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Netanyahu concerned militants could step in

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Associated Press
Tuesday, February 1, 2011

JERUSALEM - Israel's prime minister said Monday that his country's primary concern in Egypt is that the current crisis could create a void in which Islamic militants step in and endanger decades of peaceful relations between the two countries.

Speaking at a joint news conference with visiting German Chancellor Angela Merkel, Binyamin Netanyahu gave his most detailed assessment yet of the unrest that threatens to topple Egyptian President Hosni Mubarak, Israel's strongest ally in the Arab world.

"In a state of chaos, an organized Islamic group can take over a country. It has happened. It happened in Iran," Netanyahu said. "A takeover of oppressive regimes of extreme Islam violates human rights, grinds them to dust . . . and in parallel also pose[s] a terrible danger to peace and stability."

It was Netanyahu's most direct comment about the crisis in Egypt, which has triggered concerns about stability there and elsewhere in the region. Before, Netanyahu said only that he was "anxiously following" the situation, while stressing Israel's commitment to peace with Cairo.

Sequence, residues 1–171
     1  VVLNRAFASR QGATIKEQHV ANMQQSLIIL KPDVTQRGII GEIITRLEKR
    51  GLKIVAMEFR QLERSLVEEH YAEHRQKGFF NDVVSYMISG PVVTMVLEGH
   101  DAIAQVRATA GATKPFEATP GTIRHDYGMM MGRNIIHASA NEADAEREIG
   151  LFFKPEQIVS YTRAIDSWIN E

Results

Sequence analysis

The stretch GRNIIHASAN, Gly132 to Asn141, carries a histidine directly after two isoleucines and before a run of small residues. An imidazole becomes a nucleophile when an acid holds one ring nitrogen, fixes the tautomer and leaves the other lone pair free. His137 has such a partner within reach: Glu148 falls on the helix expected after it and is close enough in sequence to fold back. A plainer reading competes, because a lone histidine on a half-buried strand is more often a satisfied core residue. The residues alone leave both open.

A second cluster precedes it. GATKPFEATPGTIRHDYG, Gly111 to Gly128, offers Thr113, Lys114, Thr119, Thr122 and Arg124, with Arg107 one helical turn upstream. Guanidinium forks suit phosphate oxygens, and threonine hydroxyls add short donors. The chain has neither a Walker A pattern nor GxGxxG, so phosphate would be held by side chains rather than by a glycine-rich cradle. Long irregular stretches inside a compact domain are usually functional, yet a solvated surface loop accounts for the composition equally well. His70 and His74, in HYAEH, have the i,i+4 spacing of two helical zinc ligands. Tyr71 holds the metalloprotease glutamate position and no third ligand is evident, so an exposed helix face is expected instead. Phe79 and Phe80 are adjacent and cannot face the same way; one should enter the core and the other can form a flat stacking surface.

Egypt became the first Arab nation to sign a peace accord with Israel in 1979 and has strictly honored it. Mubarak has close ties to Israeli leaders and has acted as a bridge between Israel and the Palestinians.

Merkel also expressed concern about the deteriorating situation in Egypt. "Dialogue is necessary, freedom of thought is necessary, peaceful treatment of demonstrators is necessary," she said.

Meanwhile, Israeli officials said Monday that they have agreed to let Egypt move several hundred troops into the Sinai Peninsula for the first time since the countries reached peace three decades ago.

The officials say Israel allowed the Egyptian army to move two battalions - about 800 soldiers - into Sinai on Sunday. The officials said the troops were based in the Sharm el-Sheikh area on Sinai's southern tip, far from Israel.

Under the 1979 peace treaty, Israel returned the captured Sinai to Egypt. In return, Egypt agreed to leave the area - which borders southern Israel - demilitarized. The arid peninsula lies between Egypt's mainland and Israel, and Israel was worried about an Egyptian invasion then.

Now, as the unrest in Egypt has spread, Israeli officials have grown increasingly concerned about the stability of their southern neighbor. They are especially worried that Palestinian militants could take advantage of the unrest to smuggle weapons into the Gaza Strip through tunnels under the Egypt-Gaza border.


© 2011 The Washington Post Company

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